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1 Star Movies

Kids gone wild in Harmony Korine’s Spring Breakers

Harmony Korine’s Spring Breakers was hotly buzzed about on release, but eventually settled down to a 63 on Metacritic and 3-stars-out-of-five on Letterboxd. Both of which aren’t great, but a lot higher than my personal estimation. This would be certainly not the first time my personal reaction to a movie has been against the consensus, but I am usually able to understand the other points of view. Spring Breakers is an extreme case where I just flat-out hated a movie to the extent that I can’t comprehend another reaction.

Is it the Gatsby-esque exposé of the essential hollowness of the American Dream? Is it the showboating performance by an unusually engaged James Franco? Is it Korine’s return to his wheelhouse subject matter of unsupervised youth gone astray? Or, as I strongly suspect, is it really just the teenage girls (including pop star Selena Gomez) in bikinis? Come on, admit it.

I myself never went anywhere on spring break, and the culture as portrayed here is totally alien to me (even accounting for any exaggeration). So it’s possible that of the certain percentage of American kids that do “go wild” on sprrrraaaanng break, a percentage of that percentage does get mixed up in criminal activity. Perhaps I grew up in a sheltered environment, predisposed to just not get it, man. But Spring Breakers feels like science fiction to me, even less relatable than actual science fiction. Or maybe an anthropological documentary film about an isolated culture in a rainforest.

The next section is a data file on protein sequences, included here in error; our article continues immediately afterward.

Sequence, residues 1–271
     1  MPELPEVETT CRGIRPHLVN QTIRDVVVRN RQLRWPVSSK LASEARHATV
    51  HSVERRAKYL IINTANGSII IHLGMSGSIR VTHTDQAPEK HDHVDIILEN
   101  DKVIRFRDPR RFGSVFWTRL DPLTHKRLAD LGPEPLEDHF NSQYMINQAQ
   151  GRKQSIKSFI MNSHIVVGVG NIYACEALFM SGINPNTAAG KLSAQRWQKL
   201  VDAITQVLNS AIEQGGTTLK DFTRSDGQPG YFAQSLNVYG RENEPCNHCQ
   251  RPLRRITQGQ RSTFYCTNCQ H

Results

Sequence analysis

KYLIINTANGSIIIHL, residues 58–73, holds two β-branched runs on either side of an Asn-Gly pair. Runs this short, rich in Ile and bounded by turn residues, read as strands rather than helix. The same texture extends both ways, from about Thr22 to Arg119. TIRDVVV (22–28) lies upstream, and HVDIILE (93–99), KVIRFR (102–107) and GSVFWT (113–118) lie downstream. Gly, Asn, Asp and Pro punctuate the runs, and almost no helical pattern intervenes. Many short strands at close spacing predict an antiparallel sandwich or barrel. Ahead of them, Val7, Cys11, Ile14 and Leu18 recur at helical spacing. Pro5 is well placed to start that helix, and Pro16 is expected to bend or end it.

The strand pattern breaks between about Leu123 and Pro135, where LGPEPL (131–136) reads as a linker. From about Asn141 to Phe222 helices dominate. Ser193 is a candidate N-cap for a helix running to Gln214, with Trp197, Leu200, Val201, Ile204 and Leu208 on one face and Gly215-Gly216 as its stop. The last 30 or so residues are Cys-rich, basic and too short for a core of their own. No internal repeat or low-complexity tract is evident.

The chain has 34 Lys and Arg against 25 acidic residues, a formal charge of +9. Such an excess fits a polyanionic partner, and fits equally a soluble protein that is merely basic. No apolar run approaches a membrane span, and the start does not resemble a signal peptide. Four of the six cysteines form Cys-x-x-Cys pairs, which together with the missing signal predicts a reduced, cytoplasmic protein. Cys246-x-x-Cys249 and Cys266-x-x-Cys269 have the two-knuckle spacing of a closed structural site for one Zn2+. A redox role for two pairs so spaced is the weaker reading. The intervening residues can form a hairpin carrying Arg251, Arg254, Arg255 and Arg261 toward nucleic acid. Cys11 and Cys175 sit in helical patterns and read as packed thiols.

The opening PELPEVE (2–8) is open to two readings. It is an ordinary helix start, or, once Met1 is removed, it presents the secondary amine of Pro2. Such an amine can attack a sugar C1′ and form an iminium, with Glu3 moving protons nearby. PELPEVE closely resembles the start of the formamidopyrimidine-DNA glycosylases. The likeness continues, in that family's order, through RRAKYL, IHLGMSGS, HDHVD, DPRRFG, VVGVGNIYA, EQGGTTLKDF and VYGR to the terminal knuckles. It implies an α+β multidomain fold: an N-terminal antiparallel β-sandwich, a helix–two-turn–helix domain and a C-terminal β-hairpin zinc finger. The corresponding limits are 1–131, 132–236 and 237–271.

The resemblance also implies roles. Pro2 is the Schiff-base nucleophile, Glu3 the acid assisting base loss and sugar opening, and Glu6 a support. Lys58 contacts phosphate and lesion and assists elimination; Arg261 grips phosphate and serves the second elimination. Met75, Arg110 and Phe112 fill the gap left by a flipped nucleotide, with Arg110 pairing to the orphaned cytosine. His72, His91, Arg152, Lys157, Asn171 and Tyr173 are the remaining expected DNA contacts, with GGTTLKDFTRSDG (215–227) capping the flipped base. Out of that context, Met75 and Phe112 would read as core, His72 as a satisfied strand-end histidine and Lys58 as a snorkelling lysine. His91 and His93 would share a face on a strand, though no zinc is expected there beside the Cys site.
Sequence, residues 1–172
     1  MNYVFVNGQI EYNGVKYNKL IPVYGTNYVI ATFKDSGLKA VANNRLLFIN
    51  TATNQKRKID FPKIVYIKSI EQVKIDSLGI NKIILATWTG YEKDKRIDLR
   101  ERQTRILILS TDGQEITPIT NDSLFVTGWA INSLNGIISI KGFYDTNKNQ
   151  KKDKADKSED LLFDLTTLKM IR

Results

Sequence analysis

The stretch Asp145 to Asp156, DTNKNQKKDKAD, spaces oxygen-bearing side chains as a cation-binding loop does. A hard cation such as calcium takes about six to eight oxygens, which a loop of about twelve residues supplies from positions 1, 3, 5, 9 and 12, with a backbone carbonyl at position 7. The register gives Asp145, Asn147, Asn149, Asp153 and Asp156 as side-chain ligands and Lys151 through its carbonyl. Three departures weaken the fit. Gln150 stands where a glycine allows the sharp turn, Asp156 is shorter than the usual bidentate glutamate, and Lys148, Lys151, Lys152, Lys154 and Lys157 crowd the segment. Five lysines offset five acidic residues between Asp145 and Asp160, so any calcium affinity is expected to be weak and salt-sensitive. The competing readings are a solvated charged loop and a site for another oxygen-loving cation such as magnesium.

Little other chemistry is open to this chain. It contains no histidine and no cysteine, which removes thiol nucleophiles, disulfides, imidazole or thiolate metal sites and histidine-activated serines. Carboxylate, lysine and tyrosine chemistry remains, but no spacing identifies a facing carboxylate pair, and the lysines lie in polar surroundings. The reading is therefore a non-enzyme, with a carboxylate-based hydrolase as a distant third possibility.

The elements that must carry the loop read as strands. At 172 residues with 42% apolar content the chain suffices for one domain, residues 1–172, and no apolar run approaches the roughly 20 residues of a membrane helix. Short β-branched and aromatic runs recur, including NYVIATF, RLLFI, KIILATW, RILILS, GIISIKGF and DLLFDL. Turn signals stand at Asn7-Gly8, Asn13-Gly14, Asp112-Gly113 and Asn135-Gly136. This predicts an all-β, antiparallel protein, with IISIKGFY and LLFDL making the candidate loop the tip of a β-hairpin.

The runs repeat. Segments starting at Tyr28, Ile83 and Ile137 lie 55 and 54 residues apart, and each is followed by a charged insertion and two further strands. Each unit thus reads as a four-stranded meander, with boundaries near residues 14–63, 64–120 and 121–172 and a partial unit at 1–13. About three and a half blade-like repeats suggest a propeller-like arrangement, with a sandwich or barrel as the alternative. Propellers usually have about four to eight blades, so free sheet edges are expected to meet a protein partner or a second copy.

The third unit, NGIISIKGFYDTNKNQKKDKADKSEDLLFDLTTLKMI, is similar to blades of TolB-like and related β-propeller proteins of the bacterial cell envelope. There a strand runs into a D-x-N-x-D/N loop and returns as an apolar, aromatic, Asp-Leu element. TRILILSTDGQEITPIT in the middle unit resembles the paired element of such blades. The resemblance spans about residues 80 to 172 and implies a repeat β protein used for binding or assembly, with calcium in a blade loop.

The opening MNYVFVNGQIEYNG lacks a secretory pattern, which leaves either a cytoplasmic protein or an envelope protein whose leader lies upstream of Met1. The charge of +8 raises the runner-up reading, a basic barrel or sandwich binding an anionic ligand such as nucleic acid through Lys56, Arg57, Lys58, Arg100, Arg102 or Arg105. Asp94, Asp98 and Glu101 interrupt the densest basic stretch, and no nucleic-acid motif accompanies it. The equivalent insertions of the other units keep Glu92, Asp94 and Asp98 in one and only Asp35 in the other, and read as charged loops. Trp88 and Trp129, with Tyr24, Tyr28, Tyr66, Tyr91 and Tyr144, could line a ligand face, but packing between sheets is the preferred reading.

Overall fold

Spring Breakers and Kids (Korine’s 1995 debut as a screenwriter) both masquerade as slice-of-life looks inside the teenage mind, cynically employing a cinéma vérité style to make everything feel real. They were both ostensibly marketed for teenage audiences, with the promise that their authentic experiences would be represented for the first time. The cynic in me worries these movies are actually cautionary tales intended for smotheringly overprotective older generations, indulging the darkest fantasies of a scolding right-wing puritanical mainstream culture.

I’m not kidding. Please, someone please explain to me how Spring Breakers is anything other than “Kids Redux: It’s 10PM, Do You Know Where Your Kids Are and Are You Sure They’re Not Doing Coke, Having Unprotected Sex, Binge Drinking, Playing With Guns, and Sassing Their Elders?”

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3 Stars Movies

A Clique of Cranks: Room 237

Room 237 is not about The Shining. It is about those lost in its labyrinth.

For better or for worse, Stanley Kubrick is one of the most potent gateway drugs for young cinephiles, and for many the early obsession proves lifelong. The addictive nature of his films is partly due to their own air of grandeur and carefully-crafted perfection, but the the popular perception of Kubrick as a total mastermind sweating every single detail of his films is belied by some accounts, such the surprisingly seat-of-his-pants making of 2001: A Space Odyssey. And the weight of reputation and self-seriousness often disguises the satire and sometimes even silly wit. Personally, I was exposed to 2001: A Space Odyssey as a child, and it wasn’t until years later that I realized how much of it was intentionally funny.